Am Fam Physician. 2001 May 15;63(10):1895-1897.
President Bush Releases Budget Details
In April, President Bush released the details of his previously developed budget blueprint, providing specific information about the impact on individual programs. The proposed budget for the Department of Health and Human Services is increased for fiscal year 2002 by 5.1 percent for discretionary programs, an increase of more than $4 billion. The budget targets spending for children, adding to current programs and developing new ones, including a $22 million increase for immunization programs at the Centers for Disease Control and Prevention. To help address the problem of uninsured Americans, the President proposes tax credits of $1,000 for singles and $2,000 for families to encourage people to purchase health insurance. The budget also calls for increasing the number of community health centers from 3,200 to 4,400, and doubling the number of patients served by 2006. Funding for the National Institutes of Health would be increased by $2.75 billion and funding for the Agency for Healthcare Research and Quality would be increased by $36 million, with $3 million earmarked for patient safety programs. Unfortunately, programs aimed at training health professionals, including primary care physicians, are targeted for a decrease of $213 million, leaving $140 million for these programs.
AAFP Will Participate in Annual Seminar on Breast-Feeding
The American Academy of Family Physicians (AAFP) is a cooperating organization in the 29th Annual Seminar for Physicians on Breastfeeding, to be held July 5–7 in Chicago. Lactation management techniques and the latest breast-feeding research will be presented. Seminar topics include contraception and breast-feeding, contaminants in human milk and health problems in lactating women. Physicians who attend can receive 16 prescribed hours of CME and enhance their ability to help patients breast-feed successfully. The seminar is sponsored by La Leche League International. For more information or to register, visit La Leche League’s Web site athttp://www.lalecheleague.org/29th.html.
Program Offers Tips on Teaching Bicycle Safety
A program designed by family practice residents and endorsed by the Colorado Academy of Family Physicians for teaching bicycle safety is now online. Strap & Snap is a lively, educational presentation that teaches children the importance of wearing helmets while riding their bikes. The program is aimed for third graders because by this age, most children are riding a bike and are receptive to the message about preventing head injuries. In the presentation, children learn about the brain and why wearing a helmet is important to protecting the brain. The Strap & Snap script and other materials are available online (http://coloradoafp.org/strap_snap/) along with a list of supplies needed for the presentation. For more information, contact Kathleen Jones at email@example.com.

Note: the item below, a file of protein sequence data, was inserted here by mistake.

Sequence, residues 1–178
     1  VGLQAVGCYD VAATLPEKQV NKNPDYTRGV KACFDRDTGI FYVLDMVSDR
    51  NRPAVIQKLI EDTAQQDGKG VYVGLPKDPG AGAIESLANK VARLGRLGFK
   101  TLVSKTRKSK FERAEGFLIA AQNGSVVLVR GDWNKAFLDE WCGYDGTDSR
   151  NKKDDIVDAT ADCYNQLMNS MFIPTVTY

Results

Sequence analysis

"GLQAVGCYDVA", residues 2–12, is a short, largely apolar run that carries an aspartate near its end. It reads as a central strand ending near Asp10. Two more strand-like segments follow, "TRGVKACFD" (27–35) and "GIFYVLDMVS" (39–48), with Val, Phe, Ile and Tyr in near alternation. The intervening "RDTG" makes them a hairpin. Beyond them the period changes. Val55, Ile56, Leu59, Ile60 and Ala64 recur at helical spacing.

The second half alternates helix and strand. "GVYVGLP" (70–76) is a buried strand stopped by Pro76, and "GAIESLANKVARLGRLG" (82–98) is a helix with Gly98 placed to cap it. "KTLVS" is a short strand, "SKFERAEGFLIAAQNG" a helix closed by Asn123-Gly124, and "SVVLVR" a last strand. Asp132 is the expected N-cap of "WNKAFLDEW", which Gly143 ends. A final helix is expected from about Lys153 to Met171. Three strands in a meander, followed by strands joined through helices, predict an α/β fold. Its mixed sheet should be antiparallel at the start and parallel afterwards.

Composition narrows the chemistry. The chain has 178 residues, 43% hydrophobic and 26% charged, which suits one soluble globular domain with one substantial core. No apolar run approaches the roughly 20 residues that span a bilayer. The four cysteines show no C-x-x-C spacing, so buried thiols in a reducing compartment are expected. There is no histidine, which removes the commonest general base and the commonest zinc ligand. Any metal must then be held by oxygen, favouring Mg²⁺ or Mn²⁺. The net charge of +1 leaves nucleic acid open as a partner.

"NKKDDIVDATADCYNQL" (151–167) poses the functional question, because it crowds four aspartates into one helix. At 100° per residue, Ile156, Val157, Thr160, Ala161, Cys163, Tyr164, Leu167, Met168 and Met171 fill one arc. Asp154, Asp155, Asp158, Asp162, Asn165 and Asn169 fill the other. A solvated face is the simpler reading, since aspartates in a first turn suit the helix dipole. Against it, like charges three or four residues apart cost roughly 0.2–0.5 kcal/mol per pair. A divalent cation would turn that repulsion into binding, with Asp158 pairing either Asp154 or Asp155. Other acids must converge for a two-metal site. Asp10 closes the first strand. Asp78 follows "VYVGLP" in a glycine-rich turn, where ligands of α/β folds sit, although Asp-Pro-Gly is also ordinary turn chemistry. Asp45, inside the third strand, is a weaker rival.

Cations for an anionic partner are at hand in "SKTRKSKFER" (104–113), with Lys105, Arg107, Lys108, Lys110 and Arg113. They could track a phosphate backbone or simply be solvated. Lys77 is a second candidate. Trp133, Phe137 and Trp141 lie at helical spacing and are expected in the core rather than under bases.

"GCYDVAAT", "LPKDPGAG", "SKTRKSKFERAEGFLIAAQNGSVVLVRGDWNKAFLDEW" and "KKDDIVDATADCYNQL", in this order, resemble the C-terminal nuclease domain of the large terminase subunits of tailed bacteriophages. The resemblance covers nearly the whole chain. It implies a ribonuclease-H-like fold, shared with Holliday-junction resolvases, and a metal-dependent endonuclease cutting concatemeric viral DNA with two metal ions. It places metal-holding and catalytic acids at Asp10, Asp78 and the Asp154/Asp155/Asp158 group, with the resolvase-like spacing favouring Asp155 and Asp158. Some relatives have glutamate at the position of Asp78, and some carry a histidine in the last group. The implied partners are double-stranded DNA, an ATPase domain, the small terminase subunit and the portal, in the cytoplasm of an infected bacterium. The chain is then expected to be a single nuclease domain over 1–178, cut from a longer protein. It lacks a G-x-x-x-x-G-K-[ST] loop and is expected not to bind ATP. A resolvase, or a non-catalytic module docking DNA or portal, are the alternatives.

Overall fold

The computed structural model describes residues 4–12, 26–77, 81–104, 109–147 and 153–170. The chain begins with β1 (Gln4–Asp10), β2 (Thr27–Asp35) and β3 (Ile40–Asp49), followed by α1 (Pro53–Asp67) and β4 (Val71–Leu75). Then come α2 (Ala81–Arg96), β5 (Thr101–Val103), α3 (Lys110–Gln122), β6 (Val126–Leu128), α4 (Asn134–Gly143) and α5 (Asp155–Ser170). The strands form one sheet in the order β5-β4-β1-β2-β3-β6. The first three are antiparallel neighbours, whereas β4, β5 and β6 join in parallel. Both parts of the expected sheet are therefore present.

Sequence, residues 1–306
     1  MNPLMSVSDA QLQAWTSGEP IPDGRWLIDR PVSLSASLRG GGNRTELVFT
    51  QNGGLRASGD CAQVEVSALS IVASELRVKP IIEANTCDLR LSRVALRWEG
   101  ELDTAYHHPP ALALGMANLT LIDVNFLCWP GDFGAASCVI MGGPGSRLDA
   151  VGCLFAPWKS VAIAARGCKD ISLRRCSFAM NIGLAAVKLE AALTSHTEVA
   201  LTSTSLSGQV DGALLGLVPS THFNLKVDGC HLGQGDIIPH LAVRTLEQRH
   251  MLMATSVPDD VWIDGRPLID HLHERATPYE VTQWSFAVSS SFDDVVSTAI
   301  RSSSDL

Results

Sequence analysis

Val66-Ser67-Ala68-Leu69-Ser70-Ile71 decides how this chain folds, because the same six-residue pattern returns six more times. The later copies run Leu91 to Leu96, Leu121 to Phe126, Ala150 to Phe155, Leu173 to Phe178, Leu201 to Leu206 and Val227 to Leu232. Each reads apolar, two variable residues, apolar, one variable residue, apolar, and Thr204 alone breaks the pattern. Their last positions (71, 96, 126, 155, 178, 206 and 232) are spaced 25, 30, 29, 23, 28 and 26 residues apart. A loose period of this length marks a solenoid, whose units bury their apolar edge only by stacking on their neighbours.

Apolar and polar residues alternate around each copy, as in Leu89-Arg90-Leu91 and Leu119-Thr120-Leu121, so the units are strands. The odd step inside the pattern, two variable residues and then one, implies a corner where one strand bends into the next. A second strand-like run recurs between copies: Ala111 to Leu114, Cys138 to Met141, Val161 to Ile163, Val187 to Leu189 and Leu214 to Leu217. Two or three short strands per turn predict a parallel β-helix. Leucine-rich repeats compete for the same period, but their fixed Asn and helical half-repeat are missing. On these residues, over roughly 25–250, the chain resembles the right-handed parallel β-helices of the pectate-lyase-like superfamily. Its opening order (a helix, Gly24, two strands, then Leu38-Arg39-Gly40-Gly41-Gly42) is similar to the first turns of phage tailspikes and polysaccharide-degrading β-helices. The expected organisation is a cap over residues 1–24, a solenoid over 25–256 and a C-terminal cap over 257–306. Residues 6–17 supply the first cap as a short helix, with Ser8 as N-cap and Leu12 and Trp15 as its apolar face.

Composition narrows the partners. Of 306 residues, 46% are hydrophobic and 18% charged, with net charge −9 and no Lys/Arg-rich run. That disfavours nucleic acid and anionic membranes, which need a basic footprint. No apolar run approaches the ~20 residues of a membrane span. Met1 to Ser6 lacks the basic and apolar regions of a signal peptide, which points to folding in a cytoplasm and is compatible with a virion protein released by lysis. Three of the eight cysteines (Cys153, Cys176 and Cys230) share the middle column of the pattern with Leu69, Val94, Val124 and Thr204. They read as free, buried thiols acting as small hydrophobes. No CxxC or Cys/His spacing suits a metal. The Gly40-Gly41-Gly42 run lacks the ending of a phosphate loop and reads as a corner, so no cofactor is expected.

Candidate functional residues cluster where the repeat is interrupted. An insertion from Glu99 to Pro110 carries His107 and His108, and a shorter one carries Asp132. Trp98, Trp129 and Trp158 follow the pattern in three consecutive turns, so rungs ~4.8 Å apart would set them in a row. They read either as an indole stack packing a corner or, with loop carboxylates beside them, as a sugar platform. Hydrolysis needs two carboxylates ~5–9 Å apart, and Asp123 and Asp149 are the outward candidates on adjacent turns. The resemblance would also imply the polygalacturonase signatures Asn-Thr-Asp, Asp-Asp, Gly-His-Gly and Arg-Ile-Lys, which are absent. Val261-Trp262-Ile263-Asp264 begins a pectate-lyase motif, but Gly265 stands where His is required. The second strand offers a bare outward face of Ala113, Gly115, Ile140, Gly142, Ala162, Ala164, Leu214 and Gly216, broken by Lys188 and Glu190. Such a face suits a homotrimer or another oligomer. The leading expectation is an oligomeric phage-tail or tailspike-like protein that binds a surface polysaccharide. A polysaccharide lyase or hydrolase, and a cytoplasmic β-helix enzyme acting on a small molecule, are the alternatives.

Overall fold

AAFP Deems Privacy Rule ‘Cumbersome, Costly and Time-Consuming’
The U.S. Department of Health and Human Services’ final rule on the privacy of health information will make the compliance process “cumbersome, costly and time-consuming for family physicians,” says AAFP Board Chair Bruce Bagley, M.D., Albany, N.Y. Dr. Bagley says the AAFP supports the use of electronic medical records because, under proper constraints, electronic records may protect patient information better than paper records do. And while the AAFP agrees with the general intent of the privacy rule, Bagley notes that many provisions in the final rule are problematic. For AAFP’s comments, go tohttps://www.aafp.org/gov/fed/20010330.html.
Lawmakers Seek Physicians’ Comments on Medicare
In an effort to gather feedback on Medicare, physicians are being asked to complete an online questionnaire of 10 items. The House Committee on Energy and Commerce is conducting the review. The Committee’s goal is to improve the delivery of quality health care to patients. To achieve this goal, the committee is looking for ways that Congress can work with the Health Care Financing Administration (HCFA) to eliminate waste, mismanagement and bureaucratic delays in the program, says Committee Chair W.J. “Billy” Tauzin. To give feedback, visithttp://www.house.gov/commerce/hcfasurvey.htm.
AAFP Joins Initiative to Combat Prescription Drug Misuse
AAFP Director Karla Birkholz, M.D., Phoenix, announced that the AAFP will renew its efforts to fight drug addiction by putting it support behind a public health initiative to fight the misuse and abuse of prescription drugs. “Substance abuse is a treatable medical illness that, if left untreated or inadequately treated, incurs undue costs for the affected individual and for society as a whole,” said Dr. Birkholz. “Scientific studies confirm that the treatment and prevention of some addictive diseases are cost effective.” The National Institute on Drug Abuse, AAFP and six other organizations are cooperating in the initiative.
Help Offered for Improving Care to Hispanic Patients
The Health Resources and Services Administration has published a book to help health care professionals understand and respond more effectively to Hispanic patients. “Quality Health Services for Hispanics: The Cultural Competency Component” emphasizes the need to improve communication with Hispanics. Knowledge of health-related beliefs, attitudes, practices and communication patterns can aid the physician in working with this patient population, according to the book’s authors. The book is available by calling HRSA at 888-ASK-HRSA or by visiting its Web site athttp://www.ask.hrsa.gov.
Copyright © 2001 by the American Academy of Family Physicians.
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